The scrutiny of major donors hits close to home for Americans for Public Trust. It is affiliated with a big-money network of nonprofit groups shaped by the conservative activist Leonard A. Leo. The network received a $1.6 billion infusion from Barre Seid, a reclusive businessman who donated all the shares of his Chicago device manufacturing company in a transaction that shook the political world, and drew comparisons to the Chouinards’ transfer of Patagonia to Holdfast.

Mr. Curtis said Holdfast did not intend to be partisan.

“We are not aiming to be an extension of the Democratic Party,” he said. “The sole purpose in engaging in politics and policy is to advance stronger environmental policy.”

But so far, the group’s political giving has hewed closely to causes that could help Democrats. Shortly after it was founded, Holdfast made a flurry of contributions to groups working to get out the vote in Georgia ahead of the 2022 midterm election.

Since then, it has made gifts to organizations supporting local politicians campaigning on environmental issues.

“We would be really interested in supporting any climate leader — Republican, Democrat or independent,” Mr. Curtis said. “It just so happens that a lot of those folks are Democrats.”

Yet there is no guarantee Holdfast’s funds will be spent backing candidates who are aligned with its stances on climate change. A nonprofit affiliate of Senate Majority PAC last year spent more than $1.5 million on ads praising Senator Joe Manchin of West Virginia, a Democrat who has repeatedly sunk climate legislation. One ad praised him for working with former President Donald J. Trump to protect coal miners.

More recently, Holdfast has backed a campaign to preserve a California state law that prohibits oil and gas operations in residential neighborhoods.

Chris Lehman, an organizer for the Campaign for a Safe and Healthy California, which is working on the effort, said his group received $500,000 from Holdfast this month, allowing it to compete against deep pocketed corporations on the other side of the fight.

“There is such a lack of pro-climate funding that wants to get into straight-up political fights,” he said. “With Patagonia, you now have major player that cares deeply and is putting their name and reputation on the line.”

Mr. Chouinard, who founded Patagonia in 1973, struggled with his role as a businessman for his entire career. An avid rock climber, surfer and skier, he became deeply troubled by the degradation and depletion of natural resources.

As Patagonia grew into a billion-dollar business, he wrestled with his own role in promoting consumerism, and tried to create a responsible company that aimed to use organic and recycled materials and treat its employees and suppliers well.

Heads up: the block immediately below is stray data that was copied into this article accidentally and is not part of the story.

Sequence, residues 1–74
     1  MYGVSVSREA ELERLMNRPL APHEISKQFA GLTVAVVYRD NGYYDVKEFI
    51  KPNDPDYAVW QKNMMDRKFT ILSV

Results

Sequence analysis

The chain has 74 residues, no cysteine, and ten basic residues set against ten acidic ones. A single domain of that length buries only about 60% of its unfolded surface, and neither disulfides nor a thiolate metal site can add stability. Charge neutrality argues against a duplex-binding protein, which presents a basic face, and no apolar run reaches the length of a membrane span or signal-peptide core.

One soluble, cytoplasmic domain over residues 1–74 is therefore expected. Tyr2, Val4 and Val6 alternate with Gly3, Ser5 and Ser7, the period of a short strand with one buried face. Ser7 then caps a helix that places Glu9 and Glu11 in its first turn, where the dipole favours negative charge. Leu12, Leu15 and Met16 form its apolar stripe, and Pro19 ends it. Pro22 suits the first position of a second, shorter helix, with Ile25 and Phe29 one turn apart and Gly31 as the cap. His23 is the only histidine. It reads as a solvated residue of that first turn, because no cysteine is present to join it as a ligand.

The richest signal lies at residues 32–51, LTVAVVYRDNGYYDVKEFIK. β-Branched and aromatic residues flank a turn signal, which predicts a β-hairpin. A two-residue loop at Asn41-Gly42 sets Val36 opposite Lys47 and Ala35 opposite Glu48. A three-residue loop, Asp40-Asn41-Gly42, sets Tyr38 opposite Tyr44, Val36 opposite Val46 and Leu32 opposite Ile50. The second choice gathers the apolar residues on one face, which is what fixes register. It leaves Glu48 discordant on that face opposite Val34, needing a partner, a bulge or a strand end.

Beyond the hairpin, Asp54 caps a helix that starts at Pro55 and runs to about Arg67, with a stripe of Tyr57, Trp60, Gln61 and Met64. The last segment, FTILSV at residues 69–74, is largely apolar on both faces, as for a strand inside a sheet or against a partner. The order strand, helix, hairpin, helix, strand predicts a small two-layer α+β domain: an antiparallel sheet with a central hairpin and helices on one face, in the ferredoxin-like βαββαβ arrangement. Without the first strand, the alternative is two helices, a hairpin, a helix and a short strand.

For decades, Patagonia has given away 1 percent of its sales to environmental causes — totaling some $230 million — and Mr. Chouinard has used his own money to help create national parks in South America.

But a few years ago, Mr. Chouinard decided it was time to resolve the one conundrum that bothered him most: the fate of Patagonia.

After an extensive process, Patagonia’s leadership team landed on a structure to allow the company to continue operating as a for-profit entity while donating its earnings to nonprofit groups.

Because the Chouinards did not sell the company and retain the proceeds or leave the company to their children, they did not face a significant tax bill. And because they donated the shares to 501(c)(4) organizations, they did not receive a substantial tax write off. Instead, the family paid about $17.5 million in taxes to facilitate the transaction in 2022.

The first full year of Holdfast’s giving reflects Mr. Chouinard’s commitment to conservation work and political activism.

Holdfast said its grants have protected 162,710 acres of wilderness around the world, and it has pledged to protect another three million acres, much of it in Australia and Indonesia.

Shortly after the ownership change, Mr. Curtis learned about an effort to buy a swath of land in Alaska that would make it difficult to build Pebble Mine, a proposed gold and copper mine. In a matter of weeks, he agreed to provide the final $3.1 million that allowed the Conservation Fund to make the purchase, snarling the project.

“We were nearing the end of the deadline, and it was a grant in the amount that we needed to get across the finish line,” said Mark Elsbree, senior vice president for the western region for the Conservation Fund. “They were able to commit and enable us to act.”

The Holdfast Collective’s bare bones structure reflects a growing trend in philanthropy — embodied by MacKenzie Scott, the former wife of Amazon founder Jeff Bezos — to give away vast sums of money with little to no overhead.

“It’s more proof that it doesn’t take an army to give a ton of money away successfully,” Ms. Palmer of The Chronicle of Philanthropy said. “Going lean and getting more money going out the door is important when you have urgent problems like the environment.”